Rabinowitz ABK, Clarke JR, Marella W, et al. Jt Comm J Qual Patient Saf. 2006;32:676-681.
This article describes the safety efforts of the Pennsylvania Patient Safety Authority, which includes their incident reporting system (PA-PSRS) and publication of reporting trends in Patient Safety Advisory.
Joshi M, Kazandjian V, Martin P, et al. Jt Comm J Qual Patient Saf. 2005;31:671-677.
The authors describe key initiatives of the Maryland Patient Safety Center, a 2005 Eisenberg award winner, and propose that their approach can be used as a model for patient safety programs in other states.
Murphree J, Englert J, Koch K, et al. Jt Comm J Qual Patient Saf. 2005;31:545-53.
The winner of the 2005 American Hospital Association McKesson Quest for Quality Prize presents how they use a care-based cost management approach to address the six Institute of Medicine (IOM) quality aims and, in turn, improve safety.
Johnson T, Currie G, Keill P, et al. Jt Comm J Qual Patient Saf. 2005;31:554-60.
This 2005 American Hospital Association McKesson Quest for Quality Prize finalist reports on how using Six Sigma techniques, along with clinical information and business intelligence systems, facilitates strategic quality and safety alignment at their hospital.
Anthony R, Ritter M, Davis R, et al. Jt Comm J Qual Patient Saf. 2005;31:566-72.
Authors from the 2005 American Hospital Association McKesson Quest for Quality Prize citation of merit recipient highlight their use of collaborative rounds, in which family members may participate, along with multimedia tools to enhance the patient's role in safety.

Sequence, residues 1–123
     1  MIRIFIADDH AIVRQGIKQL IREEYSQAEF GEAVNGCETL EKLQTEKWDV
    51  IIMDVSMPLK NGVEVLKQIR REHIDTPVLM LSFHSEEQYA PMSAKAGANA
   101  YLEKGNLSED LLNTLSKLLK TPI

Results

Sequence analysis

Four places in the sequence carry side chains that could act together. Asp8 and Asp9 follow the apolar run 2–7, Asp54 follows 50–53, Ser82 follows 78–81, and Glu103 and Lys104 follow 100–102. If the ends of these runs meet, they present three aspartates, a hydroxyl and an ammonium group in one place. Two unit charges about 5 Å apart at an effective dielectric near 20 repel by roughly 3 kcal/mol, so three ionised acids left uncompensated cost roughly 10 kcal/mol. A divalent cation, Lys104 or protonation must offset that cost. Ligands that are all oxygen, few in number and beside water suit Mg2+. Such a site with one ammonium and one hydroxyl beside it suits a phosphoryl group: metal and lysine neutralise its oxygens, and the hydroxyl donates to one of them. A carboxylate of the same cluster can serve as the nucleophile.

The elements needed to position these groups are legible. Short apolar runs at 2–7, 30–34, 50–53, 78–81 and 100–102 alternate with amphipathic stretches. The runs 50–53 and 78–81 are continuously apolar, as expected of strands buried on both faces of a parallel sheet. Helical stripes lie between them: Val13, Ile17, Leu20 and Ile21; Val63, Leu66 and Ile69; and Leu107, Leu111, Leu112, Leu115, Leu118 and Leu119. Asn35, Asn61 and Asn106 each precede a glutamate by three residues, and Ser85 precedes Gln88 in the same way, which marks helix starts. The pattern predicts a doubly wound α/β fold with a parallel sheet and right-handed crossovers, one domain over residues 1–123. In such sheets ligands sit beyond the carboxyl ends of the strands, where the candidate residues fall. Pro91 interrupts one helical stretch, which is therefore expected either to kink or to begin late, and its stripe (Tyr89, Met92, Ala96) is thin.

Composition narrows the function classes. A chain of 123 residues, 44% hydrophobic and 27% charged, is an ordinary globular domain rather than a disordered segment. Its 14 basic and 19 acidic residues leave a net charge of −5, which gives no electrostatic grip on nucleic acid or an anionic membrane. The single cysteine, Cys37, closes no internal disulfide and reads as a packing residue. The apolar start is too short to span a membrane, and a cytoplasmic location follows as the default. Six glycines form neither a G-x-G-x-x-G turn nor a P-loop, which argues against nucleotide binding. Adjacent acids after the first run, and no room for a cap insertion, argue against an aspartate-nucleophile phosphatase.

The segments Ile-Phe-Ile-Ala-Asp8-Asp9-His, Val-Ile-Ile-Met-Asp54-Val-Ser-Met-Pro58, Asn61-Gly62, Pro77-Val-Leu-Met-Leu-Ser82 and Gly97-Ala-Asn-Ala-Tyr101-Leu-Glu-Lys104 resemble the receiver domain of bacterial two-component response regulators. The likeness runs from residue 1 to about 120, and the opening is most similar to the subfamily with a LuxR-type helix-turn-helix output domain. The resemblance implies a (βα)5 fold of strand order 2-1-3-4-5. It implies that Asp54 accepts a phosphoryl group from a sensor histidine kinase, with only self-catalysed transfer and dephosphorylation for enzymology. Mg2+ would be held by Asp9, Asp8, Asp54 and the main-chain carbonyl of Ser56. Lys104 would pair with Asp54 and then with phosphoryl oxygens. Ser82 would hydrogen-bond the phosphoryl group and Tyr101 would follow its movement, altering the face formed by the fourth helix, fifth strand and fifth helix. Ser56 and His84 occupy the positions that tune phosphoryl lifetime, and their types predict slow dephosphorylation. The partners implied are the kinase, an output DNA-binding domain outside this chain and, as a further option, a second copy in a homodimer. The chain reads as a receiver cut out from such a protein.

Bukunt S, Hunter C, Perkins S, et al. Jt Comm J Qual Patient Saf. 2016;31:561-565.
Representatives from this 2005 American Hospital Association McKesson Quest for Quality Prize finalist discuss their use of bar coding, computerized provider order entry, and digital medical records to support safe and high quality health care.
Willeumier D. Jt Comm J Qual Patient Saf. 2004;30:559-566.
Advocate is a learning organization recognized for its commitment to quality and safety across multiple locations in Illinois. Each affiliate benefits from the others by adopting identified best practices and continually disseminating them to foster ongoing improvement.
Uhlig PN, Brown J, Nason AK, et al. Jt Comm J Qual Improv. 2002;28:666-672.
The Concord Hospital has been recognized for its effective use of teamwork and communication, and the Concord Collaborative Care Model draws from successful efforts in the aviation industry, human factors science, and high-reliability organizations.
Yates GR, Hochman RF, Sayles SM, et al. Jt Comm J Qual Patient Saf. 2004;30:534-542.
This hospital received national recognition for their incentive programs and leadership engagement, and for successfully balancing a culture that supports a "just" approach to error without avoiding accountability. The application of Red Rules, a stop-the-line philosophy, and simplification of administrative barriers helped them achieve an environment that supports safety and learning.
Paine LA, Baker DR, Rosenstein B, et al. Jt Comm J Qual Saf. 2004;30:543-50.
Johns Hopkins has been recognized for their efforts toward transparency, innovation, and successful engagement of their leadership, and this article provides a thoughtful model for other academic medical centers to mirror the rapid improvements made at Johns Hopkins.
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